Welcome to the Century of Women

By Tom Brokaw • April 29, 2013

For the past year or so I’ve been saying that I think the 21st century will become known as the Century of Women, just as the 20th was widely declared to be the American Century and the 19th as the Industrial Age.

When I make that declaration in public gatherings, the applause seems to come almost entirely from women. Men don’t boo or walk out, but neither do they cheer the possibility. Perhaps this is because they accept the premise or—more likely—because they have not considered it.

Forecasting the future is a perilous exercise and I am fully aware of the difficult landscape yet to be traveled. Nonetheless, the advances are too little remarked upon or recognized.

Women now make up 20 percent of the U.S. Senate. A woman is the leader of the House Democrats. The number of women governors declined slightly in the last election, but more women are active in state politics at other levels. Three women sit on the U.S. Supreme Court. Women occupy all of New Hampshire’s top state and federal legislative offices.

The two most popular members of the recent presidential campaign were Michelle Obama and Ann Romney.

For the first time, a woman has been appointed as Head of the Secret Service. The new Director of the Securities and Exchange Commission (one of our most important regulatory agencies) is a woman.

More than half the medical and law students in America are women.

Half the Ivy League schools have women as presidents.

IBM—a bastion of the white male business establishment—is now led by a woman.

Martha Nelson is the new editor-in-chief of Time, Inc., and Jill Abramson is the editor of the New York Times.

I know, I know—it is not enough. The corner offices are still largely man caves. The Obama Administration remains male heavy. Wall Street and Main Street have more in the M column than in the F column.

As the challenges of the 21st century demand more from each of us, shouldn’t we be thinking as much about how to free up more women for the common good as we do about immigration, entitlement reform and debt reduction?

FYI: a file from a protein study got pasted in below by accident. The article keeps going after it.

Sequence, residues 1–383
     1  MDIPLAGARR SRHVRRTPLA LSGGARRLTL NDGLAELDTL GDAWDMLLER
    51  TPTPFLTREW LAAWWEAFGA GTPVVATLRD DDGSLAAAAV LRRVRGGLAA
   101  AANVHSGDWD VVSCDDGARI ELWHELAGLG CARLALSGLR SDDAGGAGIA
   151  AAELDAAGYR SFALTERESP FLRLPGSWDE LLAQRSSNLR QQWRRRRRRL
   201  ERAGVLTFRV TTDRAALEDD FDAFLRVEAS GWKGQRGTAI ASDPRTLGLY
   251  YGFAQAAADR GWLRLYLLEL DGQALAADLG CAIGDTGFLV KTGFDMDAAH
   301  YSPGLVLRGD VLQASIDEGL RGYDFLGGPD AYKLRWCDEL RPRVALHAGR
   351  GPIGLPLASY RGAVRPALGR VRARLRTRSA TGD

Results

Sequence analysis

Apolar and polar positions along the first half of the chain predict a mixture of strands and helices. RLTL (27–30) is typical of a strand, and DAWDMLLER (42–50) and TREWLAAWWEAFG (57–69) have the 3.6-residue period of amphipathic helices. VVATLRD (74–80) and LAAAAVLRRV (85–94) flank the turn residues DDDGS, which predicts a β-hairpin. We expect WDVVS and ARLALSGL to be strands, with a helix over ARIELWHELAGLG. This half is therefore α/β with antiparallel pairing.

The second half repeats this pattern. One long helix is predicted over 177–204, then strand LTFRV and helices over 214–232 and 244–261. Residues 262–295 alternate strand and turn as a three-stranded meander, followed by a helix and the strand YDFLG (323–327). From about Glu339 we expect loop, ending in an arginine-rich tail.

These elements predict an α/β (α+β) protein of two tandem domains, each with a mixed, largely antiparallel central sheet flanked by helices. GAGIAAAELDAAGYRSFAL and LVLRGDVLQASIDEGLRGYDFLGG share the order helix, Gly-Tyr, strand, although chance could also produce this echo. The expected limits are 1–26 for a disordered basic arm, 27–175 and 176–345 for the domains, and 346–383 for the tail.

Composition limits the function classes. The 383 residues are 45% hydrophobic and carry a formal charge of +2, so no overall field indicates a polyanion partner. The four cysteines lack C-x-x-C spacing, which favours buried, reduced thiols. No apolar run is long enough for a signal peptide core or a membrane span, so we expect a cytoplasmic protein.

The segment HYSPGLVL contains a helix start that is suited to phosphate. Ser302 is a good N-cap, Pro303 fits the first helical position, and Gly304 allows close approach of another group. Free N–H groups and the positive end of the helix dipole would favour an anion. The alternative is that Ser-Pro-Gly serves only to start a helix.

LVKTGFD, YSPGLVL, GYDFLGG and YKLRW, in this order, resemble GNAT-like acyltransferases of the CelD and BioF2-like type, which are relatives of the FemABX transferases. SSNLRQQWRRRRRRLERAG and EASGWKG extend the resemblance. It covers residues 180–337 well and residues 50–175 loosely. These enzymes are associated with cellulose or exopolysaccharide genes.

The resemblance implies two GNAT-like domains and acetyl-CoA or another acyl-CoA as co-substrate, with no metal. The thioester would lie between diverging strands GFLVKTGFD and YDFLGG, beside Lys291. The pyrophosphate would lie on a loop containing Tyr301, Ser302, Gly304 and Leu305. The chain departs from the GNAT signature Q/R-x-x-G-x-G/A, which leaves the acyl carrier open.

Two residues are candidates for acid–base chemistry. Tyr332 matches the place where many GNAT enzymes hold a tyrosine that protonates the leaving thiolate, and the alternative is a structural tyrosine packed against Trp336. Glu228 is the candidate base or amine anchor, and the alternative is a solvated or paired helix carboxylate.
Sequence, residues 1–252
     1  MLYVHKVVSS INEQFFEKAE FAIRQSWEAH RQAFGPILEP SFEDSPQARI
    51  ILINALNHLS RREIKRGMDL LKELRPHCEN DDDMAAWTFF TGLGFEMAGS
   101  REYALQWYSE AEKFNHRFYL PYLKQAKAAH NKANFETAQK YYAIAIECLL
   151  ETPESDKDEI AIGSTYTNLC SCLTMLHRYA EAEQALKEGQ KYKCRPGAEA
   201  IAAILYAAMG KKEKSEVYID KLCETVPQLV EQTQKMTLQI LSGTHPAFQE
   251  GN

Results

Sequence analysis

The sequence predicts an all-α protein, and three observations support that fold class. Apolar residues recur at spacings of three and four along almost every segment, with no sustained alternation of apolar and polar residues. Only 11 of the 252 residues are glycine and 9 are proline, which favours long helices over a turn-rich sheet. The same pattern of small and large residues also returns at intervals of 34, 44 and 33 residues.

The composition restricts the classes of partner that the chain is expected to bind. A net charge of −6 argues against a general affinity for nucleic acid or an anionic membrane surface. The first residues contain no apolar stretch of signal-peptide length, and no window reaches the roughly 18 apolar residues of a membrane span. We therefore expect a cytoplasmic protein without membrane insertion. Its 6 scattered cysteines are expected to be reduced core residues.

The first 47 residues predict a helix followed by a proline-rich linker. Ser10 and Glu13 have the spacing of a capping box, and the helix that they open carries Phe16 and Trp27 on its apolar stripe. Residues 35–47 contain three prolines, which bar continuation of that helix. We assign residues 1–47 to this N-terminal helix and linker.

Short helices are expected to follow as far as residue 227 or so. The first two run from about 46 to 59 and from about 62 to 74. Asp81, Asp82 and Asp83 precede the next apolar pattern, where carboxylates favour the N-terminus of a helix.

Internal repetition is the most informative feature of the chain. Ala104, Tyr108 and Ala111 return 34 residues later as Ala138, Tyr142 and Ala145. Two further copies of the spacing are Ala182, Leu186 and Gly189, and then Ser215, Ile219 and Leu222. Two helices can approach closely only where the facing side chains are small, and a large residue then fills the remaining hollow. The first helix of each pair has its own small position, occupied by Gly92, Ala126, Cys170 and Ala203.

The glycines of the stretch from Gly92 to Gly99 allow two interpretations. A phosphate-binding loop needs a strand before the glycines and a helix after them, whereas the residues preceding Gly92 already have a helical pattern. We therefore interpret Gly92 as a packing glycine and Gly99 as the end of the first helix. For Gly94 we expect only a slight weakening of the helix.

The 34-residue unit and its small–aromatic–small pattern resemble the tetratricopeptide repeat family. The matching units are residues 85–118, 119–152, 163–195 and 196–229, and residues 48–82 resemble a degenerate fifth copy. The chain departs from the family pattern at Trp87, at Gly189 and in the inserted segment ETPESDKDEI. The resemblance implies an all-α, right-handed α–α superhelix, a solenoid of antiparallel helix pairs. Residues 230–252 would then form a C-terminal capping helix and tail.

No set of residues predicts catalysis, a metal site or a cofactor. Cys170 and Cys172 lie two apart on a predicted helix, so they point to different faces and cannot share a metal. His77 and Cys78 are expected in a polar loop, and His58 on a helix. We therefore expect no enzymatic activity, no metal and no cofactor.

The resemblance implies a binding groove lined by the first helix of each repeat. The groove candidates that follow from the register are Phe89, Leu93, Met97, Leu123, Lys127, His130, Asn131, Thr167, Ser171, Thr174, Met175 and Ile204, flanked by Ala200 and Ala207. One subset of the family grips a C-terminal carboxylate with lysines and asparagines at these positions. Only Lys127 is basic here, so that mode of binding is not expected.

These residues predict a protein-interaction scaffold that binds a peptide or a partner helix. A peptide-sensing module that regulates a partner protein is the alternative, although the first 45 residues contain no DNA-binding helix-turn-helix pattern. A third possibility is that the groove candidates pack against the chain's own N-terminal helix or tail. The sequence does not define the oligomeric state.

As the father of three accomplished daughters, I live with their struggle to balance career, marriage and family. One daughter is a physician in a health-oriented business. Another is a digital music entrepreneur and the third is a clinical therapist and author. They’re all educated with supportive partners and parents who have financial resources. Even so, their lives have very little breathing room.

Millions of other accomplished women are much more constrained by the absence of comparable emotional and financial support. How can we free them so we can all be the beneficiaries of their skills and strengths? Let’s put that question on the agenda as an objective of the 21st century.

To those who are understandably impatient with the progress on these vexing issues that bump up against the tides of tradition, I remember another time when the progress of a long suppressed part of our population seemed painfully slow.

I came of age professionally in the Sixties, working for a while in the South as well as in the segregated North and the racial enclaves of big cities. Racial issues, their politics and place in our popular culture have long been a prominent and deeply felt part of my journalistic and personal portfolio.

Yet I could not have imagined then we’d have by now an African American president who would—within a few hours of his second inauguration—walk only a few steps across the U.S. Capitol rotunda to pay tribute at a statue of Dr. Martin Luther King.

By the turn of the next century, who will make a journey across the Capitol rotunda? Surely there will be one or more women. If Germany or the macho states of Argentina, Brazil and Chile can break the “woman as president” barrier, how long before America catches up?

If this is—as I believe this will be— the Century of Women, it is a journey that should begin with a destination.

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